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We need to talk

A pandemic is raging. Your industry is tanking. Your management’s and board’s primary concern is the survival of the company – to live and fight another day. Cost cutting is the clarion call of the day.

And soon, you zoomed in on public relations / communications. “That’s a cost centre!”

You called your Communications team and PR agency in to tell them of the need for budget cut and reduced head count.

A logical decision … but, is it? Let’s take a look…

Reason 1: We want to lay low so there is no reason to communicate now.

In any relationships – business or personal – we need to keep the communications going.

Think, if you want to save your rocky marriage do you stop talking to your spouse? Won’t it be logical to identify and enlist allies so that a good word can be put in to change and contain negative perceptions?

Good times and bad times, particularly the latter if you ask me. Keeping quiet and waiting till something good turns up is not the best of strategies.

Even if you don’t talk others will – your associates, competitors, industry observers – and their opinions will make their way to the public domain, without your consent.

So, won’t it be better if your stakeholders hear it from the horse’s mouth?

Reason 2: I have nothing new to say

Communications is not about having something new to say all the time. It is about keeping the channels open, keeping those who matter in the loop, telling your side of the story before others tell it for you.

No one likes to be kept in the dark. This is particularly so if your organization is public listed.

Gone are the days when you hunker down and carry on. Instead, it is to your advantage if you keep your audiences updated.

Reason 3: I don’t want to talk to the media at this time

Communication is not confined to the media. The media is not your only audience neither is media announcements your sole means to communicate.

There are others in the eco-system who can shape opinions and perceptions – analysts, associates and peers. To these interested group, you could talk about …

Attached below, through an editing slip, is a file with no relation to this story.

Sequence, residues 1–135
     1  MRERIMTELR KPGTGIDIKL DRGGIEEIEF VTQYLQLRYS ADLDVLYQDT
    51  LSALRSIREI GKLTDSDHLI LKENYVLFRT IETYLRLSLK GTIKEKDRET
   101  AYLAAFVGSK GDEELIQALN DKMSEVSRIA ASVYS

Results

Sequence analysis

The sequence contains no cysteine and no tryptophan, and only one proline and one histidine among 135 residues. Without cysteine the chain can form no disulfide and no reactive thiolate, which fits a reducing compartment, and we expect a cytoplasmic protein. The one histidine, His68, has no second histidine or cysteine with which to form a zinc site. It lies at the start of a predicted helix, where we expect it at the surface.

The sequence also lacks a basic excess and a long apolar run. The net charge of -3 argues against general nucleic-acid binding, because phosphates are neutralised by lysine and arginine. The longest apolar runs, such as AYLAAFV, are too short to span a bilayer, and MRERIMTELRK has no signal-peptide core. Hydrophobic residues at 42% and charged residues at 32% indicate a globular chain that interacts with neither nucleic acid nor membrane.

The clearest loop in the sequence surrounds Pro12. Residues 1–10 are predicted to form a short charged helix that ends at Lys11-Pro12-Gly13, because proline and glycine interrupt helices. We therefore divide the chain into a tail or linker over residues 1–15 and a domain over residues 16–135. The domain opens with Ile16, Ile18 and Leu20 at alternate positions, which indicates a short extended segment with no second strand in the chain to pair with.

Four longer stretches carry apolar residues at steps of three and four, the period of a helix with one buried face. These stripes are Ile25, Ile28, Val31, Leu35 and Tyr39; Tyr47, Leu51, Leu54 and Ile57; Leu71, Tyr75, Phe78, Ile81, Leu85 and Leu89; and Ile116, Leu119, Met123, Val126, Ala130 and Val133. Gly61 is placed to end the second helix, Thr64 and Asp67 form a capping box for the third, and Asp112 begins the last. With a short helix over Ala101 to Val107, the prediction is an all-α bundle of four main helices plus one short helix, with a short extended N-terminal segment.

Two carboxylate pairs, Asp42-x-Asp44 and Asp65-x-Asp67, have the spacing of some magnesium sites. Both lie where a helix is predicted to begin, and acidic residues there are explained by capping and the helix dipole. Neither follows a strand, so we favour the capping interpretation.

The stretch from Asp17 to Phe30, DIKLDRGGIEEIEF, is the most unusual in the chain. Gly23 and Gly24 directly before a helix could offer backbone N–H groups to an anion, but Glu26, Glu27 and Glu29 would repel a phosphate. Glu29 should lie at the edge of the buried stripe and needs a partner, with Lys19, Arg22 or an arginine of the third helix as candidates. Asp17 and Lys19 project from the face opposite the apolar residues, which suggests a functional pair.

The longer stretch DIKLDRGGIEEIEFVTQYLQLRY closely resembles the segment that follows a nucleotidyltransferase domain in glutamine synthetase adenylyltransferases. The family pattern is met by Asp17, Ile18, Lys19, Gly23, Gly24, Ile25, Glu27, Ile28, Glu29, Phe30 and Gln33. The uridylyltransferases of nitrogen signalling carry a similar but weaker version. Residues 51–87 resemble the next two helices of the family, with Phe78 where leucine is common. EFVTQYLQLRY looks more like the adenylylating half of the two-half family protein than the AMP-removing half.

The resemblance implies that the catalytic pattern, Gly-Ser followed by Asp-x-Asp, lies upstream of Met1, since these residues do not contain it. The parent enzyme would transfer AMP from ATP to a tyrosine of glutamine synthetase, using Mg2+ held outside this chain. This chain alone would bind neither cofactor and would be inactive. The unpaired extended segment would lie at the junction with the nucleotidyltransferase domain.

• How your company is coping with the challenges

  • Measures taken to pre-empt potential negative

  • What remains unchanged and what have to change

  • Victories and positive news however small they may be

  • Focus on key staff in the different business segments, their dedication and positivity

Reason 4: I don’t want others to know how I am doing. I don’t to blow my own trumpet.

You are not chest thumping. Rather you are being honest, open and reaffirming. You are signalling that in spite of it all you and your team are fighting and carrying on to the best of your ability.

Communications encourage your stakeholders to come on board and cheer you on as you navigate these challenging times together. They are part of the team and everyone is in it together. You win, they win, you fall, they fall.

In short, you cultivate allies and neutralize critics by keeping your communication channels open.

Reason 5: I have no budget to organize events to keep my stakeholders in the loop

In today’s digital age, communications take a myriad of forms, from the most basic electronic newsletters to video mails to virtual town halls. All it takes is technology and some dedicated time.

The bottom line is you have to keep talking and keep engaging. Sticking your head in the sand until the storm blows over is no longer an option.

Reason 6: I can talk and ramp up again when things get better

Think. When the situation gets better, every other company will want to talk and hold activities. How much easier and faster it would be for your company to retain your pole position if you had kept the conversation going. You don’t have to jostle for a share of voice because your voice has always been there.

So, while how you regard your public relations/ communications team (as an asset or a liability) is your pejorative, the one factor that does not change is – you have reason to talk.

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